A: “My parents, as well as other family members, had a big influence on my creativity. For many Christmases we made our presents. They had tired of buying for everyone, so someone decided it would be fun to make gifts instead. So my grandparents, aunts and uncles all pulled out their tools and paint brushes and made snowmen, Santas and trees. Not everyone felt that they were very talented, so it was always a fun day to see what everyone created. Lots of laughs and happy memories from those Christmas Eves. And much appreciation from what can be made by hand if you just put some thought and time into it. I was in middle school about this time so I made many ornaments.”
Q: You work a lot with ceramics, wood and metal. What drew you to those materials initially and what do you enjoy most about working with them?
A: “I really like dimensional art. Just simply painting on a canvas always feels too flat to me. I really like feeling my materials and creating sculptures. Ceramics has always been fun because it has an element of technicality to it. It is not a fast process; it takes time and patience to build something by hand and the potter’s wheel takes some skill to get good at. Once you get the hang of it, it is like riding a bike and it feels like such an accomplishment. And when your finished product comes out of the kiln it is a great feeling. I also like wood because it has substance and adding metal can add even more dimension.”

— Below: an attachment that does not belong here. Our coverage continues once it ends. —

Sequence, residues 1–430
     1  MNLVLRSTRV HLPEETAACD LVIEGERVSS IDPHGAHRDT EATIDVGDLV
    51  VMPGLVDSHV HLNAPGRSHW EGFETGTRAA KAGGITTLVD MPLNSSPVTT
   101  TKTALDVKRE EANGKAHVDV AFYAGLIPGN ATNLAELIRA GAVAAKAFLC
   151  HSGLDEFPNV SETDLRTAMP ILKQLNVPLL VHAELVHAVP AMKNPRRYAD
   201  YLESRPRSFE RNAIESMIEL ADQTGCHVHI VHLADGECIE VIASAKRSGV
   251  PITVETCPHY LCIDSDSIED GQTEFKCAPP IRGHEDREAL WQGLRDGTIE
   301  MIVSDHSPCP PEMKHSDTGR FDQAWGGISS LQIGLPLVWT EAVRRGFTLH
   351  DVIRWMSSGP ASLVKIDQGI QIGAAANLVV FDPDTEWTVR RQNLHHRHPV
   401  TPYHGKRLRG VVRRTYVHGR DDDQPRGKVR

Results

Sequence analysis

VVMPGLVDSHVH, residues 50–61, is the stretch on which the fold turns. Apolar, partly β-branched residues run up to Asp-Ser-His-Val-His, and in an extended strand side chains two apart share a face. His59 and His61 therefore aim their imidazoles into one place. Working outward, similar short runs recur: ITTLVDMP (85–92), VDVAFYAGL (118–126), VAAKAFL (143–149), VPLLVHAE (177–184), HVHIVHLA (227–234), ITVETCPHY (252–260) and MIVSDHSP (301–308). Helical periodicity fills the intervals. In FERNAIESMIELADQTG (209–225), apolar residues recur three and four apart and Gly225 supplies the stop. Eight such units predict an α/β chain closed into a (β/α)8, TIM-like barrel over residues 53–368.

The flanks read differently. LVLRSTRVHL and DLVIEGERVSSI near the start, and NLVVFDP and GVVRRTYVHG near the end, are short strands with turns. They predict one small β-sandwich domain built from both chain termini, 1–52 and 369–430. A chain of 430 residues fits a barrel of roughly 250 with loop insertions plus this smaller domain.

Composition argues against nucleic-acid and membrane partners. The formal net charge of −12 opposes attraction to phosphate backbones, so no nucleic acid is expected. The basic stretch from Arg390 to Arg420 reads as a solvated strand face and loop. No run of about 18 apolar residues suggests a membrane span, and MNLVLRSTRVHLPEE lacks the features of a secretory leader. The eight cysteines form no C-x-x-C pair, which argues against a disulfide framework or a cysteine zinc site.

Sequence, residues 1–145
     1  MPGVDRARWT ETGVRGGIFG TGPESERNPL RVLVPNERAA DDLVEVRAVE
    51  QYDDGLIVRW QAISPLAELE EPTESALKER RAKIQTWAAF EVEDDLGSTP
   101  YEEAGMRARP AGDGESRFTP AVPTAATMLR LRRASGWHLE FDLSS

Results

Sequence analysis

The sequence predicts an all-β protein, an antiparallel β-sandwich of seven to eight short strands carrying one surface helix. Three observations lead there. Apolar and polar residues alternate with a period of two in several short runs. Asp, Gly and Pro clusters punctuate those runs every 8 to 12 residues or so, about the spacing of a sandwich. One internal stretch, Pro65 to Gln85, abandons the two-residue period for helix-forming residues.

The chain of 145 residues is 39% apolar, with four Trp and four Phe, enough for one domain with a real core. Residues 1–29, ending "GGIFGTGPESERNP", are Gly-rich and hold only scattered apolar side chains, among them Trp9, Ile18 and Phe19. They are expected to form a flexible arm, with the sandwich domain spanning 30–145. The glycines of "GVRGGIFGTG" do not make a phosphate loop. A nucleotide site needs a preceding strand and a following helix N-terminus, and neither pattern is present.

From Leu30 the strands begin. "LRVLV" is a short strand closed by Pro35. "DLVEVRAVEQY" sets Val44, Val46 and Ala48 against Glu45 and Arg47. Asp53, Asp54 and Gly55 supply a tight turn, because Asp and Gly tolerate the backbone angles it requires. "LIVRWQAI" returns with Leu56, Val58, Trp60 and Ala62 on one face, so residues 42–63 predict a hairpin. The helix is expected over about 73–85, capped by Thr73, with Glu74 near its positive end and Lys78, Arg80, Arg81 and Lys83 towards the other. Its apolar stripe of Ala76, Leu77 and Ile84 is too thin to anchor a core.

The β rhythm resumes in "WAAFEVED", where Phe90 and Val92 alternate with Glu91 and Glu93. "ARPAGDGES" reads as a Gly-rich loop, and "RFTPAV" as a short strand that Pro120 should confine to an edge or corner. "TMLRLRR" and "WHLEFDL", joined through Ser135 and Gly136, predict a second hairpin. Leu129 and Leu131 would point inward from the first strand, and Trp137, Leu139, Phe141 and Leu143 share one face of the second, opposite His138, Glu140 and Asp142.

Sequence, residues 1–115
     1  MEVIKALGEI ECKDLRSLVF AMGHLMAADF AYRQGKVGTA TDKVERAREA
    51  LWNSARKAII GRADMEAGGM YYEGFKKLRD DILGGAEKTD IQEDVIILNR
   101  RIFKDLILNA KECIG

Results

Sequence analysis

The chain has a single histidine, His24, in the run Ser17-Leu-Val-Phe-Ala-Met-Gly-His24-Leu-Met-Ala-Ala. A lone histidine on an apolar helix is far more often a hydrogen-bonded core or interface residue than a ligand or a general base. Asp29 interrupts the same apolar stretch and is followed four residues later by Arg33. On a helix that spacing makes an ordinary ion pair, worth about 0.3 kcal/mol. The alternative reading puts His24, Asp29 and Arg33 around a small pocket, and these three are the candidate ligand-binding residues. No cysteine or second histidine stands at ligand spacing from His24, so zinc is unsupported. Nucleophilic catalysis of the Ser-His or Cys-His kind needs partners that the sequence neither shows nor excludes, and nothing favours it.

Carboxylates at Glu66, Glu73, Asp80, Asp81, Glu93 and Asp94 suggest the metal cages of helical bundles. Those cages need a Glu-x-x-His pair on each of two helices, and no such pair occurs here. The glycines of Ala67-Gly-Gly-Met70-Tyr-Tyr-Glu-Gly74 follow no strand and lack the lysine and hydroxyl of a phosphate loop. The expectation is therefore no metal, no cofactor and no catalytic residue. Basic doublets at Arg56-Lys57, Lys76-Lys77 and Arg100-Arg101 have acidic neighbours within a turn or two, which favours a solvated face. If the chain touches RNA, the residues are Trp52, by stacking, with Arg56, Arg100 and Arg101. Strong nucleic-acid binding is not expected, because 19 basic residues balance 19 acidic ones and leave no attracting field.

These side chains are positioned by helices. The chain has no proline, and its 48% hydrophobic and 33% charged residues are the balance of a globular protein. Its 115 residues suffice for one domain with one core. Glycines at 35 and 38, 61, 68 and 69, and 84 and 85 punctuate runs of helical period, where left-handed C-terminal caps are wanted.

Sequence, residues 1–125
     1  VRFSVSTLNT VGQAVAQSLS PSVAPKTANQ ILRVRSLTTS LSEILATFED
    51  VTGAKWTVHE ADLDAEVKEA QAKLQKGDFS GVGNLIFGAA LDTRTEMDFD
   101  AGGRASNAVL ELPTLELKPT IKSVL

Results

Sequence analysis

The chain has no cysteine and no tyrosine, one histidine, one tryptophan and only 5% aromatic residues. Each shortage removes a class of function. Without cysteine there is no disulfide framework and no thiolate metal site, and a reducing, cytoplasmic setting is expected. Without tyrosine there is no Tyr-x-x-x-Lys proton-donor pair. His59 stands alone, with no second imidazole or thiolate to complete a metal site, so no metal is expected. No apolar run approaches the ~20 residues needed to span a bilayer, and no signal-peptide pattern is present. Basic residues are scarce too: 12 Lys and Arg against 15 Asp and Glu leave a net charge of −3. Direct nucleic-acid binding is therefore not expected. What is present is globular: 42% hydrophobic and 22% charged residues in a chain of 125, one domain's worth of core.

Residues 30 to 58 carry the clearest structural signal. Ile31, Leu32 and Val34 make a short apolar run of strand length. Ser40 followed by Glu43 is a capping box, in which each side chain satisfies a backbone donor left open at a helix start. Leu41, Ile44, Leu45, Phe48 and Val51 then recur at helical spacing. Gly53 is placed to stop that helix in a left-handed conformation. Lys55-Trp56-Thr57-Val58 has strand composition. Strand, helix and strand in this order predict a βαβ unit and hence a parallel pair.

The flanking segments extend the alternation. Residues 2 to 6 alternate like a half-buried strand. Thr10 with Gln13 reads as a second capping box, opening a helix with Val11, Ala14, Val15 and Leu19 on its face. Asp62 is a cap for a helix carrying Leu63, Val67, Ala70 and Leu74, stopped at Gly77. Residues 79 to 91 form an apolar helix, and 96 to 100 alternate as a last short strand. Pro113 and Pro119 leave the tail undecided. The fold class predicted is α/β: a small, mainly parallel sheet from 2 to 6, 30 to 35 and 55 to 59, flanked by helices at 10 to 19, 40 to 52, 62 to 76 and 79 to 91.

Q: Tell us about your team. What was the process like bringing others in to help your art reach more people?
A: “Right now I am back to the basics, working by myself like when I first started. Over the years I have had some helpers and even my parents and aunts have chipped into paint. But I don’t really like being a boss or relying on others. Although it is not always easy to keep up with the demand, by myself in the studio is when I do my best work.”
Q: What does the creative process look like for you and the team from start to finish? How do you come up with a new design and which techniques do you use to turn it from an idea into a reality?
A: “My design process is very simple when working with wood. I don’t have a firm plan in mind. I look at my wood board and let it decide along with my pencil. I draw directly on the board, drawing around knots and blemishes. I just let the piece go wherever it wants to. Then after making many, I decide which are the best to add to my line and I make patterns so I can make them over and over again.”
Q: What's your favorite piece or collection you've created, either personally or professionally?